Research Report: UCSD team finds autism link to brain overgrowth
By Lynne Friedmann
A study by researchers at the UCSD Autism Center of Excellence shows that brain overgrowth in boys with autism involves an abnormal, excess number of neurons in areas of the brain associated with social, communication, and cognitive development.
Relying on meticulous, direct cell counting, scientists discovered a 67 percent excess of cortical cells — a type of brain cell only made before birth — in children with autism.
The findings suggest that the disorder may arise from prenatal processes gone awry and confirms a relatively recent theory about possible causes of autism. Small head circumference at birth, followed by a sudden and excessive increase in head circumference during the first year of life, was first linked to development of autism in 2003.
The current study is published in the Journal of the American Medical Society (JAMA). News release at bit.ly/thup3F.
Forecasting solar power production
The space shuttle program may have ended, but data collected by astronauts during the past three decades are still helping advance science, this time with the assistance of the Triton Resource, a supercomputer at the San Diego Supercomputer Center.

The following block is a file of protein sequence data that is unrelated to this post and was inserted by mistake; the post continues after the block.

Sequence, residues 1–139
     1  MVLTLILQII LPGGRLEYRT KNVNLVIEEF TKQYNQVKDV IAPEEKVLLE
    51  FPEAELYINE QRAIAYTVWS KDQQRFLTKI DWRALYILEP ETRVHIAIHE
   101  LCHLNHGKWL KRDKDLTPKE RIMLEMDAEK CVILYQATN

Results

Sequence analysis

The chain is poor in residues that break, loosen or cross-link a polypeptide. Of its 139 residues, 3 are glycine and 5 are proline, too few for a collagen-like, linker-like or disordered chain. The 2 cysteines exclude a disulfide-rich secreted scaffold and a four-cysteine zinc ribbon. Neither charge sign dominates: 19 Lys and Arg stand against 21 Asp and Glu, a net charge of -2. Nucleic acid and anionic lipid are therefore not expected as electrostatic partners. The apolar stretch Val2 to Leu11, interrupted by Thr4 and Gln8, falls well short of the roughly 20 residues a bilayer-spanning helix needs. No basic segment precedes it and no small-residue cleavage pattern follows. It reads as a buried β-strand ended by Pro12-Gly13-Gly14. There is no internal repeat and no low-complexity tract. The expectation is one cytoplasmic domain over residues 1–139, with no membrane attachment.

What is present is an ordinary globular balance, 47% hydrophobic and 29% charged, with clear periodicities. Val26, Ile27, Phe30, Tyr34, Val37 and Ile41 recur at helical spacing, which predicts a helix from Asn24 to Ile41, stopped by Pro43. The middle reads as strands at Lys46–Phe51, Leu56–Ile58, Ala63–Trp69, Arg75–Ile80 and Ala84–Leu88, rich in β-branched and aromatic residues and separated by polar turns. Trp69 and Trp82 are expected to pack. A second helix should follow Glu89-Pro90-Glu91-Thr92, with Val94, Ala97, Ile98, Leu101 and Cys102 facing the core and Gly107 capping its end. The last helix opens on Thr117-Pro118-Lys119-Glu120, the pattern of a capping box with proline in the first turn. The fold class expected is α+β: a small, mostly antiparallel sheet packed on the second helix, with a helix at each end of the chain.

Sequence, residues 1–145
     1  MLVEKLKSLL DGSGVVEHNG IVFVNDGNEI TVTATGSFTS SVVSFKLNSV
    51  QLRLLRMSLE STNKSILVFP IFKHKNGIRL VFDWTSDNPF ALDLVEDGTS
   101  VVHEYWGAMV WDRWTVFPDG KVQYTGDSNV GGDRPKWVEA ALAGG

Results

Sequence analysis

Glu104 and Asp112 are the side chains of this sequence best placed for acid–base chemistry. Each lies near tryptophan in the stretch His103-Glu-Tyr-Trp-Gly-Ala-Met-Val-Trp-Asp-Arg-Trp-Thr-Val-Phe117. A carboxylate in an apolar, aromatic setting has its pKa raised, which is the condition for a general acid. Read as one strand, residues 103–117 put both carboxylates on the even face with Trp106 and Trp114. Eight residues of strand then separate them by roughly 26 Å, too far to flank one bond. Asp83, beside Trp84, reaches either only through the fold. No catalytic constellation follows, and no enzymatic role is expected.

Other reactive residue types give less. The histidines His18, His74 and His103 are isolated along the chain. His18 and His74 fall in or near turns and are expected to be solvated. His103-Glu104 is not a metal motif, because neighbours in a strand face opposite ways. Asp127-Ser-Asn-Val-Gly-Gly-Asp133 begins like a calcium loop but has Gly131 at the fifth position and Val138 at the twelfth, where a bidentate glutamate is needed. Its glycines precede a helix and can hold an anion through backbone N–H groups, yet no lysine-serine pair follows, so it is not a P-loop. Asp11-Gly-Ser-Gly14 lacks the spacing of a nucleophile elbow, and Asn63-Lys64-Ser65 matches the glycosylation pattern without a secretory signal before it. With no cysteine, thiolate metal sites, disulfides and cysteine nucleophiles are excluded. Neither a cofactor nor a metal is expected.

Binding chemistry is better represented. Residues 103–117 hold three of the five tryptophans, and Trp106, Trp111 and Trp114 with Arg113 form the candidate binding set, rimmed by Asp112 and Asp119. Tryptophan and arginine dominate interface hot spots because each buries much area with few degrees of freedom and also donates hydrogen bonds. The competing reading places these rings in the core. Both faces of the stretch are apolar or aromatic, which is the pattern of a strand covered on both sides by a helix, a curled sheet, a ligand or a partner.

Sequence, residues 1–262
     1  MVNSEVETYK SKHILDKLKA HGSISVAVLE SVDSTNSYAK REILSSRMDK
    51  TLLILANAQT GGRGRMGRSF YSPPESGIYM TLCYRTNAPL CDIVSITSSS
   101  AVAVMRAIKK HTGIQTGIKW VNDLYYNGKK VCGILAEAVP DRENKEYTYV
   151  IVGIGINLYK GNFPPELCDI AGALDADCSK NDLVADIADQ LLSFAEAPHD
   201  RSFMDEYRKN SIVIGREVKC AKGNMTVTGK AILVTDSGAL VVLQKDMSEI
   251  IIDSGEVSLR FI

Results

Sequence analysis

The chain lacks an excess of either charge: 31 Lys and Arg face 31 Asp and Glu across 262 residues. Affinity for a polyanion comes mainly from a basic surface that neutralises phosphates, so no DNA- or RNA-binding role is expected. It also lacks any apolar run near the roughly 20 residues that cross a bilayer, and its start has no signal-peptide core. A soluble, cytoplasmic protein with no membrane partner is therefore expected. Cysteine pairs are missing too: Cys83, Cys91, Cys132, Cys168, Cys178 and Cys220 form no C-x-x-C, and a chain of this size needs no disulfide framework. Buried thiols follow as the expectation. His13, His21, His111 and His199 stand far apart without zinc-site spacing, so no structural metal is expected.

For example, researchers at UCSD’s Jacobs School of Engineering recently used measurements from NASA’s Shuttle Radar Topography Mission to predict how changes in elevation, such as hills and valleys, and the shadows they create, impact power output in California’s solar grid. Heretofore, large-scale models used to calculate solar power output did not take elevation into account.
The researchers used 60,000 processor hours to run calculations on Triton Resource to create a new model that includes detailed elevation data. The model is being made available publicly on a large scale, including all of Southern California, as well as the San Francisco Bay Area. Utility companies and homeowners can use the model to get a more realistic picture of the solar power output they can typically expect to produce. More information at bit.ly/sWcB4i.
Pollution intensifies cyclones
Pollution is making Arabian Sea cyclones more intense. Traditionally, prevailing wind shear patterns prohibit cyclones in the Arabian Sea from becoming major storms. A study, involving scientists at UCSD’s Scripps Institution of Oceanography, suggests the weakening of winds aloft has enabled the formation of stronger cyclones in recent years — including storms in 2007 and 2010 that were the first recorded ever to enter the Gulf of Oman.
The researchers note that the weakening wind pattern over the past 30 years has corresponded with a buildup of aerosols in the atmosphere over India. This aerosol buildup creates formations known as atmospheric brown clouds (ABCs) in which smog from diesel emissions, soot, and other by-products of biomass burning accumulate and become widespread to a degree significant enough to be a force in regional climate. More information at bit.ly/vB8blu.
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